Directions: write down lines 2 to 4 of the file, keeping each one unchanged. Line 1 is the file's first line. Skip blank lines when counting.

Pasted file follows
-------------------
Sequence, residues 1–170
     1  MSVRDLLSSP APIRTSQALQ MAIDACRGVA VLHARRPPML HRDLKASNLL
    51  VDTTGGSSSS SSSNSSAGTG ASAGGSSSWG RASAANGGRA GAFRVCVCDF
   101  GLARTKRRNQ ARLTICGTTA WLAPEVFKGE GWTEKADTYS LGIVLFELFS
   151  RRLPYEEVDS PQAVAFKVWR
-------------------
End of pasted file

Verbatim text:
     1  MSVRDLLSSP APIRTSQALQ MAIDACRGVA VLHARRPPML HRDLKASNLL
    51  VDTTGGSSSS SSSNSSAGTG ASAGGSSSWG RASAANGGRA GAFRVCVCDF
   101  GLARTKRRNQ ARLTICGTTA WLAPEVFKGE GWTEKADTYS LGIVLFELFS